Let me give you an example. Recently I watched a very impactful video from biblefeed.org. Bro. Dan Weatherall (UK) provided a 1:27-minute talk about why the genealogies of Matthew 1 are important. In that brief message, his warmth and approachability were apparent.

In that short time, he addressed how Jesus was the Seed of David and Abraham, how Jesus was the way the promises would be fulfilled, and how the “messiness” of Jesus’s family tree demonstrates how Jesus cares for those who are flawed but are seeking God. In just over 90 seconds, he communicated all of this.

What he provided was just enough to encourage the viewer with an open heart to interact further by viewing a more thorough discussion on the topic.

There certainly is an opportunity for Christadelphians to provide more exhaustive content. We must lead with short, provocative messages which distill why this information is important.

there is a new opportunity before us

I asked Bro. Art Courtonel (UK) to comment on some of the important learning he has had in more than ten years with the ChristadelphianVideo.org website. During the past decade, this site, and the companion YouTube page, have posted more than 9,500 videos and had over 5.5 million views, which is pretty staggering. So, here’s Bro. Art’s recommendations for the digital preaching your ecclesia may be considering.

Peer Review — Prior to the release of new materials, a peer review will help avoid spelling errors, but it also provides an opportunity to “fact-check.” We need to be accurate when we cite Scriptures but also when we refer to dates, names and places. We need to be above reproach in what we put online if we want our viewers to trust us.

Avoid Attacking Other Christian Denominations — We should promote what the Bible does say, not what it doesn’t. Comments about other denominations make us appear isolationist and often are not fully accurate.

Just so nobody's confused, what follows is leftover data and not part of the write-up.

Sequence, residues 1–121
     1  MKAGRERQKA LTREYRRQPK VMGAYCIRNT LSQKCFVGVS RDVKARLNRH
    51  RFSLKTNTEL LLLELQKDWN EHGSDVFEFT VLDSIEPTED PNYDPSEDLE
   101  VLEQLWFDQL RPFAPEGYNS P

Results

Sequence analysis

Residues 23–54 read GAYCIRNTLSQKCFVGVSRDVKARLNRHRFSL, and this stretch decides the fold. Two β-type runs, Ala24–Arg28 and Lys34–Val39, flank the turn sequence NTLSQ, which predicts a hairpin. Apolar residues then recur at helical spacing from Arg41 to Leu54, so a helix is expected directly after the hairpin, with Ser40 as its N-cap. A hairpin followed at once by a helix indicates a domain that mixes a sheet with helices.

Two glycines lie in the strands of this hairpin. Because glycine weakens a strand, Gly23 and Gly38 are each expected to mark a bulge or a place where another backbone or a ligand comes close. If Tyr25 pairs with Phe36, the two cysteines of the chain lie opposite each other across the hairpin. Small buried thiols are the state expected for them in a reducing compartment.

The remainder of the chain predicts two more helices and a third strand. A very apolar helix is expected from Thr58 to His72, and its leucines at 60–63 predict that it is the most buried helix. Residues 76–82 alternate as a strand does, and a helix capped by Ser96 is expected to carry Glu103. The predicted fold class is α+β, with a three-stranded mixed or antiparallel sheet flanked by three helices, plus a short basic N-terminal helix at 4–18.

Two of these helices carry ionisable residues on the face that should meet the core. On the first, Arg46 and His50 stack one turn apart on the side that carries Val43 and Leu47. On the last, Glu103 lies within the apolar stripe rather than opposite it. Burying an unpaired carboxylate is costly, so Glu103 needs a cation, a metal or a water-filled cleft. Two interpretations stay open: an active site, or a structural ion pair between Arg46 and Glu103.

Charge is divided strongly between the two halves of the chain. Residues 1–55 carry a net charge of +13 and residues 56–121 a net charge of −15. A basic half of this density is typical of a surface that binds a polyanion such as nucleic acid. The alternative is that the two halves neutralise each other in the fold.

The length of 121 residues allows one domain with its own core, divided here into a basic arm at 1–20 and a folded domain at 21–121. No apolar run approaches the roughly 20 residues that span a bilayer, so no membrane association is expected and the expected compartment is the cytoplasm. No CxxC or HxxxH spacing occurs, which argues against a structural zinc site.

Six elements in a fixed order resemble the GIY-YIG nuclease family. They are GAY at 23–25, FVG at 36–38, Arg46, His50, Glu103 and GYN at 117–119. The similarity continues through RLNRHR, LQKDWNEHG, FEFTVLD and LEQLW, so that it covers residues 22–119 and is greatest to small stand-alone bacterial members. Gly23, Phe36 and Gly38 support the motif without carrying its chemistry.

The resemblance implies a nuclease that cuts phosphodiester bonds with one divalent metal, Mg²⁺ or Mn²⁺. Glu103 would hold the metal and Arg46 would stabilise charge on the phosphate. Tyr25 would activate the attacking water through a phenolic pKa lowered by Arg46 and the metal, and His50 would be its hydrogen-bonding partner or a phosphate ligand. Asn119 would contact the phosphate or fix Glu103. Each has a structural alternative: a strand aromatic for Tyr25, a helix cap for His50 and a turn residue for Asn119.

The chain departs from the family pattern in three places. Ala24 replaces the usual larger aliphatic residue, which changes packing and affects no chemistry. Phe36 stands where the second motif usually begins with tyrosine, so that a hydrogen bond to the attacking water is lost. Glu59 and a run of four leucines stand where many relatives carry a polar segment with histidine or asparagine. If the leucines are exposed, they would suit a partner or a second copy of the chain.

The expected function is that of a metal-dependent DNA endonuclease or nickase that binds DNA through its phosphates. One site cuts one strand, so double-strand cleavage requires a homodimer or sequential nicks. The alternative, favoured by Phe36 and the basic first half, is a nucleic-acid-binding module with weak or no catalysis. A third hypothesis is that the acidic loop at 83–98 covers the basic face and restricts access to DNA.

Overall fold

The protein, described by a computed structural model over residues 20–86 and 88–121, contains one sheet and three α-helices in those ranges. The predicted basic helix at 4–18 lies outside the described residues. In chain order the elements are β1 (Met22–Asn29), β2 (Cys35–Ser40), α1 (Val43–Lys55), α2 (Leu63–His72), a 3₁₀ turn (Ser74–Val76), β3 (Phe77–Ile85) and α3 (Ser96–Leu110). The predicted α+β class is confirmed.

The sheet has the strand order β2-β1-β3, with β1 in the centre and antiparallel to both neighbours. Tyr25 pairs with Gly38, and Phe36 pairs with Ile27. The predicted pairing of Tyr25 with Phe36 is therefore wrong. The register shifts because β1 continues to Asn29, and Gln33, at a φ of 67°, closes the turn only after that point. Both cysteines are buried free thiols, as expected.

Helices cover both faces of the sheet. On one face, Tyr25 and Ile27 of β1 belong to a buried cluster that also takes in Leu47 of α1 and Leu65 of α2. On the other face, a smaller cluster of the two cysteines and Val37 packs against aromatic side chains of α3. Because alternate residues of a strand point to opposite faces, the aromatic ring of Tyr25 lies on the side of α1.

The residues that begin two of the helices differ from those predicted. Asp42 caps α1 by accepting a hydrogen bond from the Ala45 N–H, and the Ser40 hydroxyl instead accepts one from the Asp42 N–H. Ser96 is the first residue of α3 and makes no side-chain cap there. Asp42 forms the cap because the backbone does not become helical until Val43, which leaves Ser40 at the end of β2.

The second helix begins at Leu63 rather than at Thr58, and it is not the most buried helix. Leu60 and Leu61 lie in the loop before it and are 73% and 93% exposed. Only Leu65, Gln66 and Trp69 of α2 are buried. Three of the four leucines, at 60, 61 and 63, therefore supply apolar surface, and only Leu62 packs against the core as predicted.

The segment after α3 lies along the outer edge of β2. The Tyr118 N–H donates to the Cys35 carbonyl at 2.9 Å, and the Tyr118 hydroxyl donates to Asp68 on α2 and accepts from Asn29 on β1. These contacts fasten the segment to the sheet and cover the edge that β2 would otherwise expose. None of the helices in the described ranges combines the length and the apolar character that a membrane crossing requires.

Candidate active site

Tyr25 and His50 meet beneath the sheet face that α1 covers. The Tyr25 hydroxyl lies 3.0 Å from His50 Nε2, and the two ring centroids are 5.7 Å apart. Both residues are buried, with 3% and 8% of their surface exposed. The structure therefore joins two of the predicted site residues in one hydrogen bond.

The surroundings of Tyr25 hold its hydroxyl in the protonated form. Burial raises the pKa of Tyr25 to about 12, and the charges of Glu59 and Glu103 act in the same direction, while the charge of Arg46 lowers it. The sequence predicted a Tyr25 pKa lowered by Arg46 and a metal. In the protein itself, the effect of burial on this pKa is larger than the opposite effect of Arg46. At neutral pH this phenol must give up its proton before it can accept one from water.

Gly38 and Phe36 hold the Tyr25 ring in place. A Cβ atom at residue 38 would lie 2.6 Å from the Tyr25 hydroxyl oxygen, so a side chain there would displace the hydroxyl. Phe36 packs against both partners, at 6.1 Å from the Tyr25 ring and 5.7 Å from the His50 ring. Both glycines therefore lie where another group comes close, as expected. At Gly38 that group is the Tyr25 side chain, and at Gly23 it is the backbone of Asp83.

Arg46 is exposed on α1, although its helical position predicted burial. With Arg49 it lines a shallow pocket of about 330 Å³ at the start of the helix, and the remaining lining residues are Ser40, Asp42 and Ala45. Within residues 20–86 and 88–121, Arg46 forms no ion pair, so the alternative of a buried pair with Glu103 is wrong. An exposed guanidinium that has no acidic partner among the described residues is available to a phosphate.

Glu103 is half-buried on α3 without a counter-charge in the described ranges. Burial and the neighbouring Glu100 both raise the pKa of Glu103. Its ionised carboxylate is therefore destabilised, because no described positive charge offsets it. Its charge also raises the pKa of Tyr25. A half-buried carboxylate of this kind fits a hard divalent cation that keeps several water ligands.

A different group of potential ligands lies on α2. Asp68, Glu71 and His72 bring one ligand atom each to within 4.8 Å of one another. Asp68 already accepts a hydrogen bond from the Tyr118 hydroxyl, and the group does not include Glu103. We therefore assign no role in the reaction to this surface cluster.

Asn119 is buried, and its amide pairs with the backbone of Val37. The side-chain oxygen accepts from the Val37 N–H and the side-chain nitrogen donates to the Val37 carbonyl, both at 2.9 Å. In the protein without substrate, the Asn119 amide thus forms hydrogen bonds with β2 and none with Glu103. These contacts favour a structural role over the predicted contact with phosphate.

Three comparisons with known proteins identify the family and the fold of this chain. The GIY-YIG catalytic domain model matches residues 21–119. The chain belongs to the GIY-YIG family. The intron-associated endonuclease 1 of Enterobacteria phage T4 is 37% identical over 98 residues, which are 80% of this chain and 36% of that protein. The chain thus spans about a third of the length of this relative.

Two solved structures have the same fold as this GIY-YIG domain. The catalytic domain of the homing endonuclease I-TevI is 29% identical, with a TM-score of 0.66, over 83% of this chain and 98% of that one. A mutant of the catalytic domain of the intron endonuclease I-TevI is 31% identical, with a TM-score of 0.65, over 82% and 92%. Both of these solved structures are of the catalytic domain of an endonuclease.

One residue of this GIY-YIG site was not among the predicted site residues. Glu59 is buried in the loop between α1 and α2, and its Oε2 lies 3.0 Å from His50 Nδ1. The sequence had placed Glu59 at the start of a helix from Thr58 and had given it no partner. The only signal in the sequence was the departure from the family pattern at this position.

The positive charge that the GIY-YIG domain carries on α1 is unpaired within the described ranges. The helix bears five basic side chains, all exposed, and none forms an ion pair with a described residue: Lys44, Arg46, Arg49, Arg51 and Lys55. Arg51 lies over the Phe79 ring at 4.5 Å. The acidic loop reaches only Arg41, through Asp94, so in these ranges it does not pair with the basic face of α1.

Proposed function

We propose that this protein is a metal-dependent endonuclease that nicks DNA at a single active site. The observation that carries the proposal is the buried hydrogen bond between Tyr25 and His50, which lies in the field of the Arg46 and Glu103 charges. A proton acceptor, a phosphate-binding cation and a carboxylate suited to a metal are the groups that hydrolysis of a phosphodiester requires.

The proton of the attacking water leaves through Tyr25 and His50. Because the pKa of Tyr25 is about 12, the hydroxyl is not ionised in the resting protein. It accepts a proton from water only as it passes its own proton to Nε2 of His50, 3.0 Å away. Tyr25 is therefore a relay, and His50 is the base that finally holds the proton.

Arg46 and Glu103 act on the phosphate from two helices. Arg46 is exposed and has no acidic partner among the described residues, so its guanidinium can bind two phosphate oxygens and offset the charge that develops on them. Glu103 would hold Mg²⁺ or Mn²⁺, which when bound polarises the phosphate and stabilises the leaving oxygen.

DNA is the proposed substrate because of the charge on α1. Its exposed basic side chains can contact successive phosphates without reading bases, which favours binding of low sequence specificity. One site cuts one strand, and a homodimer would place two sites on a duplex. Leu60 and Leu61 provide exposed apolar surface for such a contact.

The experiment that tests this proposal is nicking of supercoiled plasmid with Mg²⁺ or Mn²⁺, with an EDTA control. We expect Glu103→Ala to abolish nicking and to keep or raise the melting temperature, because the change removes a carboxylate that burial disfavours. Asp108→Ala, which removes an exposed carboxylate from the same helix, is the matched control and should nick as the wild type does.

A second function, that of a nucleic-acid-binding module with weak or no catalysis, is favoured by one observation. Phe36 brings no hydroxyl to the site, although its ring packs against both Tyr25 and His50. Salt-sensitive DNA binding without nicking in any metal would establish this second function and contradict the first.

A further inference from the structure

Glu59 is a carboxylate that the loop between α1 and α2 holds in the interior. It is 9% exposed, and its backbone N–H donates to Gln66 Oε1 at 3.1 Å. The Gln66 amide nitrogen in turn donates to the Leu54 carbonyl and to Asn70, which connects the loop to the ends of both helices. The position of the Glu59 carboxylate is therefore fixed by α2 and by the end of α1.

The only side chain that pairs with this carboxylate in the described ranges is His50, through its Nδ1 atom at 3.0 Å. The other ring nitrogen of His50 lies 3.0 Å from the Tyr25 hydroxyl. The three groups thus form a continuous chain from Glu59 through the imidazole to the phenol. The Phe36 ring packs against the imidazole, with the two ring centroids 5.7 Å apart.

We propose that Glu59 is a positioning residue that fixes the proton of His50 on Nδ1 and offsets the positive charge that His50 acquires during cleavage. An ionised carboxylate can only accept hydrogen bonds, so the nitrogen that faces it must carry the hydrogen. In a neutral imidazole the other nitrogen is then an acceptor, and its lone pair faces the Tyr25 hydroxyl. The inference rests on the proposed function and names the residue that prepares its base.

Dress Appropriately — What we wear in online presentations communicates a lot of information about who we are and what we value. Attire itself should not draw attention to us. The audience online is relaxed and casual. Wearing formal attire (e.g., suit and tie) may communicate formality and in some cases, stuffiness. Conversely, wearing casual attire with the iconography of major brands should also be avoided, as we do not want to promote fashion and brands.

Compress Your Message — There are many 40–50-minute Christadelphian gospel addresses being placed online as the first contact with visitors. Instead, we need more 3–4-minute videos, similar to popular YouTube offerings. These have become the online expectation.

Invest—For your ecclesia to develop an online presence, you’ll need to invest. You’ll need to either utilize internal talent or purchase the expertise. But having an online presence for an ecclesia is increasingly important.

The window of opportunity for preaching is wide open. Sometimes we find ourselves “longing” for the days of Bible seminars, where we filled conference rooms. Those days may be gone, but there is a new opportunity before us. We have such a remarkable message to share, and digital communications can help to remove many of the barriers, if we effectively use it.

The Tidings would appreciate ecclesias sharing their experiences and best practices with us so that we can distribute that knowledge across our community. Please drop us a line at editor@tidings.org.

Dave Jennings

 

1 www.statista.com, 2022.
2 Media Use Habits: What, Why, When, and How People Read Online, Olesya Kukoleva, Anna Preobrazhenskaya, Olga Sidorova, July 24, 2017, www, uxmatters.com.
3 Phrase is taken from Digital Continent, Mohammad Amir Amwar and Mark Graham, Oxford Press, February 2022.
4 Ibid, Media Use Habits: What, Why, When, and How People Read Online.
5 3 Dangers of Preaching in a Digital Age, Trevor Laurence, July 29, 2016, thegospelcoalition.com.